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The Friday List: 10 Important Facts about the SEC Whistleblower Program

Today, we offer our “Friday List,” an occasional feature summarizing a topic significant to investment management professionals interested in regulatory issues.  Our Friday Lists are an expanded “Our Take” on a particular subject, offering our unique (and sometimes controversial) perspective on an industry topic.

The SEC recently announced that it has now ordered more than $1 Billion in financial penalties based on tips from whistleblowers.  Also, the Supreme Court is currently deciding the definition of a “whistleblower.”  We felt it a good time to offer 10 significant facts about the SEC’s Whistleblower program, which was created in 2012 as part of the Dodd Frank-Act.

 

10 Important Facts about the SEC Whistleblower Program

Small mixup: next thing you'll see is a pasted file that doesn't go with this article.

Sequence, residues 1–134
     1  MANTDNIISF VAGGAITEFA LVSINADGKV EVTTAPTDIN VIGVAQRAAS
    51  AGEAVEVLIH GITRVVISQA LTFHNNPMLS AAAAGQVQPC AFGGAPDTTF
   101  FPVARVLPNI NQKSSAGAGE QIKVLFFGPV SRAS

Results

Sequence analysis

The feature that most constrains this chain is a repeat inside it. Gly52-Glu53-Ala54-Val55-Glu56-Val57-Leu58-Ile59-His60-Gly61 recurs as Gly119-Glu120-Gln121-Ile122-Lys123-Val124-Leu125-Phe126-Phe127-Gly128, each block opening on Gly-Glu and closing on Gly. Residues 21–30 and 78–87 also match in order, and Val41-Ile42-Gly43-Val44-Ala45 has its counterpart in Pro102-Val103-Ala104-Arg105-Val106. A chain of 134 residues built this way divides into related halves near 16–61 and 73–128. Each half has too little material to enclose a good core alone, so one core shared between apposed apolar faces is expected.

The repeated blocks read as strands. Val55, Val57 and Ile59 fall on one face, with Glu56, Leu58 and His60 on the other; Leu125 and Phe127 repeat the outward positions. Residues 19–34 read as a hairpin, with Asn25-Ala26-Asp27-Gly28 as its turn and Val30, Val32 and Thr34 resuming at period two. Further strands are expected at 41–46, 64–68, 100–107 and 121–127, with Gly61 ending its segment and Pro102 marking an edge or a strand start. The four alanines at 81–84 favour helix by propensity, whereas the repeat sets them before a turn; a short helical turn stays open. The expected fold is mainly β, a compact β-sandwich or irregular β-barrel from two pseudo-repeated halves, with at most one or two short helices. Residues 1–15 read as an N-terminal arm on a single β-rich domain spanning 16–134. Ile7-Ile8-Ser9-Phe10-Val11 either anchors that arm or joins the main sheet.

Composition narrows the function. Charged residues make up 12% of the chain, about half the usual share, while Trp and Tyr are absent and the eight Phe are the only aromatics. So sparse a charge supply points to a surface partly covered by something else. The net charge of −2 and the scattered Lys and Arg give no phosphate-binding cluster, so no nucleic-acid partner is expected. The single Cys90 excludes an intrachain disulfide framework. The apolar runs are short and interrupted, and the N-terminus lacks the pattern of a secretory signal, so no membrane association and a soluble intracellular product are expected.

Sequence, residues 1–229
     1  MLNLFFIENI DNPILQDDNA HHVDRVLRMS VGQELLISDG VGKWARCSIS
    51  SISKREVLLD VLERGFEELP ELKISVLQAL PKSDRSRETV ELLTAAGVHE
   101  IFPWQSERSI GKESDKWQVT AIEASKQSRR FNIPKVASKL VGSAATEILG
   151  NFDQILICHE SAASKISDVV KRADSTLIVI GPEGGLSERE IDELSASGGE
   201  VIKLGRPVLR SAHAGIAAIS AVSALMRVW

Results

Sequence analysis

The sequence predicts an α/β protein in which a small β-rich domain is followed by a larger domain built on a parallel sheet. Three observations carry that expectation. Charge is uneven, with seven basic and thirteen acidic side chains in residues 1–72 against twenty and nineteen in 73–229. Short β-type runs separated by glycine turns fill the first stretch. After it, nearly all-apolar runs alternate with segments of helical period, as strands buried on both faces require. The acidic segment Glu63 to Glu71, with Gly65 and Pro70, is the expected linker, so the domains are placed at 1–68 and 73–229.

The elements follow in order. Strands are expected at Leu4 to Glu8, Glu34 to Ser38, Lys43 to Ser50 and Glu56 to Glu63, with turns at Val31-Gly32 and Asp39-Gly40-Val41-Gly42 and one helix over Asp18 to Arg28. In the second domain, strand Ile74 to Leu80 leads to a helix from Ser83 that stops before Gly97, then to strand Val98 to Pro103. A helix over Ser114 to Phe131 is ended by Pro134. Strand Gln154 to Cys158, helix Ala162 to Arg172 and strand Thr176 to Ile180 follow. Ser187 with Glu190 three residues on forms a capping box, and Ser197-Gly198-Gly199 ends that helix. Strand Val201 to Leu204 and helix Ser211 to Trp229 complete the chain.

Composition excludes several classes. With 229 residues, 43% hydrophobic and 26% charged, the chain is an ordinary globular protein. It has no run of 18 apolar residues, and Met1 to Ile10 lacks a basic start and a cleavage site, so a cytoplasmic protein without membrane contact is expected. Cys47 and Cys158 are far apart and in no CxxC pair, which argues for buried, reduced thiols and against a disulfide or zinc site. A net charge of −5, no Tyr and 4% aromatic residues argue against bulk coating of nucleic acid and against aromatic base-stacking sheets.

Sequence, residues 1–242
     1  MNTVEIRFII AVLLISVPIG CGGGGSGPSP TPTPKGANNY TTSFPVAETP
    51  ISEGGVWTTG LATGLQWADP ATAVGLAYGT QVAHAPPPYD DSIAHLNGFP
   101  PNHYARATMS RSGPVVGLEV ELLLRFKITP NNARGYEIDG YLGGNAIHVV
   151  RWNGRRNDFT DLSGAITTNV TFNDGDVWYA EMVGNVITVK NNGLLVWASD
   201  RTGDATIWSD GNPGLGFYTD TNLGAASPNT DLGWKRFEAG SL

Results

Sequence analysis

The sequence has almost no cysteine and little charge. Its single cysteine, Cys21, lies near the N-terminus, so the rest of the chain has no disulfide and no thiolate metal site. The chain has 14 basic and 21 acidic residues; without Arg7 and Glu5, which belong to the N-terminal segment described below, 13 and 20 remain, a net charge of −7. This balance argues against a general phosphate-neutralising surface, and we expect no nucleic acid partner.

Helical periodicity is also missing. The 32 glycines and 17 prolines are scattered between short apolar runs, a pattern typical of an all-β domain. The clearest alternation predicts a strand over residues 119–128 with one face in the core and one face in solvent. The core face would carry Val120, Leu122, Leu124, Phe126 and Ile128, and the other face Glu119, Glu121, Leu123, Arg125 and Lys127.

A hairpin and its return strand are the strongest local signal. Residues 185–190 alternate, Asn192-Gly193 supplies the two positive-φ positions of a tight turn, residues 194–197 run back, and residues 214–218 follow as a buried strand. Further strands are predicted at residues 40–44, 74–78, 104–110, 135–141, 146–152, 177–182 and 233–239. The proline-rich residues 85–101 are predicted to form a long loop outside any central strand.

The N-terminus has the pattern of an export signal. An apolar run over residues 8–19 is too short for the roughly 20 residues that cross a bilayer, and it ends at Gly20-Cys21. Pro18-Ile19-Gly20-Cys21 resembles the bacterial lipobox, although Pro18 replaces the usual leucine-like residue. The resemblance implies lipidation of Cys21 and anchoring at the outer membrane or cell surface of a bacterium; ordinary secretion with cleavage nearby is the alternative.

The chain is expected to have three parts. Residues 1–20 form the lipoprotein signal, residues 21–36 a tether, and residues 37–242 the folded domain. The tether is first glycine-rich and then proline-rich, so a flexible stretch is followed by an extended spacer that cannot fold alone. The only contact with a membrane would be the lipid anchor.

1. The SEC has awarded more than $175 Million to 49 whistleblowers.
  2. The largest whistleblower award to date is $30 Million.
  3. A whistleblower is entitled to 10%-30% of monetary sanctions if the sanctions imposed exceed $1 Million.
  4. Both an outsider and a former employee can be a whistleblower.
  5. Covered firms may not take retaliatory job action against a whistleblower.
  6. Employee separation and non-compete agreements may not limit an employee’s whistleblower rights.
  7. Directors can be liable for whistleblower retaliation.
  8. Unless the Supreme Court decides otherwise, internal reporting, is sufficient, but not required, to become a protected whistleblower.
  9. In-house counsel and compliance officers are entitled to whistleblower protections.
  10. Firms must adopt whistleblower procedures.

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